Opening and operating a licensed meat facility can be expensive and challenging. Meat is one of the most intensely regulated food products in the country. The Georgia Meat Inspection Section (GMIS) will work with you to make sure that you meet all licensing requirements and that you always comply with safety standards. Your operations will be inspected by either our program or the USDA Food Safety Inspection Services (FSIS). Make sure to check with local city and/or county zoning laws before finishing your application for meat inspection.
First, find out what kind of license your business will need from our Meat Processing License Types page.
See this letter from our Meat Inspection Director about applying for a new license.
How to Apply for a License
- File an application for (State/Custom) inspection through GMIS using our Application for Inspection Form.
- Provide blueprints of the facility. Three (3) sets are required. Blueprints must include a floor plan, plumbing plan, and plot plan, along with a room finish schedule and door schedule. The University of Georgia Cooperative Extension Service can provide assistance in obtaining blueprints. There are no requirements for who drafts blueprints but the blueprints must represent the layout and include all required information stated above.
- Confirm that you meet the Facility Regulatory Performance Standards as appropriate for your facility in the:
- Provide approved labels, stamps, and/or brands: follow the instructions in our Meat Inspection Label Checklist
- Provide required approvals, permits, and letters of guarantee:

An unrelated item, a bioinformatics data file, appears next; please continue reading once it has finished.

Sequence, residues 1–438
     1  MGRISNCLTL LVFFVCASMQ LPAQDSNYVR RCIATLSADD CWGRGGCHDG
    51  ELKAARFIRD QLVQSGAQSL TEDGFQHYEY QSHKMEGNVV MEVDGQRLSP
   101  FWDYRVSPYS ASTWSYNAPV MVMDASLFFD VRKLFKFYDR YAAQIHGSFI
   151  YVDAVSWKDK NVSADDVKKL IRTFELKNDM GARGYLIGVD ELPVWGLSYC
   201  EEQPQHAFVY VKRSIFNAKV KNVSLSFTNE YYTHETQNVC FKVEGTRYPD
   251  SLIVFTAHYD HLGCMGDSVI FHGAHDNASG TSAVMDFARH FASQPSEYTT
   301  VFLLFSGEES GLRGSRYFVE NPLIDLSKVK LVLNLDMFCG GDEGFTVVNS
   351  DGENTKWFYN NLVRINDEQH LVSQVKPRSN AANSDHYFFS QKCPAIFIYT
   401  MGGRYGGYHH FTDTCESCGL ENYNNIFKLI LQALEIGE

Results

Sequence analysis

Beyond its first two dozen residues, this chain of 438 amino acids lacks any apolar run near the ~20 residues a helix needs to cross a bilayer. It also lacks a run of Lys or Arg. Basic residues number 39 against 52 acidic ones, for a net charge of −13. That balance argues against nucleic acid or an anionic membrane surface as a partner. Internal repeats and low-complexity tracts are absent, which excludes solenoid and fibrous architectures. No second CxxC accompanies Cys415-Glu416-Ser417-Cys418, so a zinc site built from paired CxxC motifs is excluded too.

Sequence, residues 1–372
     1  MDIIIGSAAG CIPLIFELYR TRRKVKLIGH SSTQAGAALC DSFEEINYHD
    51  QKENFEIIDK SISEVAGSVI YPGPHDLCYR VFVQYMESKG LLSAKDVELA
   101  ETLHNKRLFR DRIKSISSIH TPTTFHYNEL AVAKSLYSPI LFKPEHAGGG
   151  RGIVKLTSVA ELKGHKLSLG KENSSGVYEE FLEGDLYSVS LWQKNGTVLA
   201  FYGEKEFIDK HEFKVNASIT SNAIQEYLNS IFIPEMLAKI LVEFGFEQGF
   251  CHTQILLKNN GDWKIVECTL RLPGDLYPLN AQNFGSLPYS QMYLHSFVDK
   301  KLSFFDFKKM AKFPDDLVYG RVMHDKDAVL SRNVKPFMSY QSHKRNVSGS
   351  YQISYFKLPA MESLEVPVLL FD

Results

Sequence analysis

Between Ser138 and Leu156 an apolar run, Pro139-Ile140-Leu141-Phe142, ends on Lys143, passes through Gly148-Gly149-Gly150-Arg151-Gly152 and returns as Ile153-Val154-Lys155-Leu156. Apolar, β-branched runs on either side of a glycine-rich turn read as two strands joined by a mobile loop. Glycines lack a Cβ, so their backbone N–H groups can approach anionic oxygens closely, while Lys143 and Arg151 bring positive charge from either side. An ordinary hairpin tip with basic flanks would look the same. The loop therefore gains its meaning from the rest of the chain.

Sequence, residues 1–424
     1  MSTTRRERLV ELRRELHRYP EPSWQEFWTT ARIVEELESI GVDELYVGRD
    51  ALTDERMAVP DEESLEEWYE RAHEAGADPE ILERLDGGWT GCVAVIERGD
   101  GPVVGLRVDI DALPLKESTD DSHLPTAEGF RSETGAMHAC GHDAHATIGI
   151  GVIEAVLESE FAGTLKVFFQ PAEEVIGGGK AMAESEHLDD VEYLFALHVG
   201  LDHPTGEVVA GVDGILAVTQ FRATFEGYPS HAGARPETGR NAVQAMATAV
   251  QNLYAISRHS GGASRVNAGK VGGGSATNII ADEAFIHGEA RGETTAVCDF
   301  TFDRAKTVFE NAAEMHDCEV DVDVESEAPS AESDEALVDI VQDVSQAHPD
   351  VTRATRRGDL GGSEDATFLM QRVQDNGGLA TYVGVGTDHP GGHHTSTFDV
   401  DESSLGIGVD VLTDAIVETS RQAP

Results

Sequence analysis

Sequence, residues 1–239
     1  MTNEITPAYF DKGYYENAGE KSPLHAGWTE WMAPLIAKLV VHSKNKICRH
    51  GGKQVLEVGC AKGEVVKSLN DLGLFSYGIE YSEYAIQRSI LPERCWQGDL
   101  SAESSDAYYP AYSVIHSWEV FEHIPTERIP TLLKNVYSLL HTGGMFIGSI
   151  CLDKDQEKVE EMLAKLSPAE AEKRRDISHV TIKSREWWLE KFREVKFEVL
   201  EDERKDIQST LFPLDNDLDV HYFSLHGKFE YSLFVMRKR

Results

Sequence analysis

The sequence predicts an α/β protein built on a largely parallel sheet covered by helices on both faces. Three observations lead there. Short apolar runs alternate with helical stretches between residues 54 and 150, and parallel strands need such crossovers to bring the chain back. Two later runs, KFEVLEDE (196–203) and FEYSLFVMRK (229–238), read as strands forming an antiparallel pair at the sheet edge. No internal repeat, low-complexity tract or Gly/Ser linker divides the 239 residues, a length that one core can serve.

- Approved Local Water Potability Certificate (renew once a year for city/county water, twice a year for private wells)
- Approved sewage system letter
- Inedible Permit (can be landfills)
- Material Safety Data Sheets (MSDS) for any chemicals used in plant
- Letters of Guarantee for Product Ingredients
- Letters of Guarantee for Packaging Materials
- Provide a written Sanitation Standard Operating Procedure plan (SSOP) (state applications only): see details on our Standard Operating Procedure for Sanitation page.
- Provide a written hazard analysis and HACCP Plan (state applications only): see details on our Meat Inspection Hazard Analysis and HACCP Plan page.
- Provide a written product recall program.
Once you complete these steps, contact us and we’ll pair you with a team member who can help with any questions and information. The approval process takes approximately 4 to 6 weeks on average. You’ll be responsible for voluntary or overtime charges beyond 8 hours per day, weekends, or holidays worked at approximately $28/hr. (Hourly rate is subject to change.)